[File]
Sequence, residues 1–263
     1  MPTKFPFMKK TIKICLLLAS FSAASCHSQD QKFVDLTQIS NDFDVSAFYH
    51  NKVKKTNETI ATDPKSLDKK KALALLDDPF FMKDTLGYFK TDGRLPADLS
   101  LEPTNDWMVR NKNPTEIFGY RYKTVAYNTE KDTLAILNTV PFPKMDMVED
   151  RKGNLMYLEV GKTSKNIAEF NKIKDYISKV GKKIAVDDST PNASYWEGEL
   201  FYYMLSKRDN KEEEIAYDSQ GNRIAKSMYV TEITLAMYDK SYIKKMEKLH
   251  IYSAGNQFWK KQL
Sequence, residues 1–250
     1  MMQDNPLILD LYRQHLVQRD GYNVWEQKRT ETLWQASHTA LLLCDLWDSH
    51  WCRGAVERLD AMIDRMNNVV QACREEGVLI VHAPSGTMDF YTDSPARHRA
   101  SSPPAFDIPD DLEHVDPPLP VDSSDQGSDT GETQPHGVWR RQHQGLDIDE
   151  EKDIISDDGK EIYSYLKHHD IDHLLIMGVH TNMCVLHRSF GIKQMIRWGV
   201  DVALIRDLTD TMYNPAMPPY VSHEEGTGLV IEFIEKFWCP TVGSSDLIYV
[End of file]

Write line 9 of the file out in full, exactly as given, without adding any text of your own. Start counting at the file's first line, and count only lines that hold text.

     1  MMQDNPLILD LYRQHLVQRD GYNVWEQKRT ETLWQASHTA LLLCDLWDSH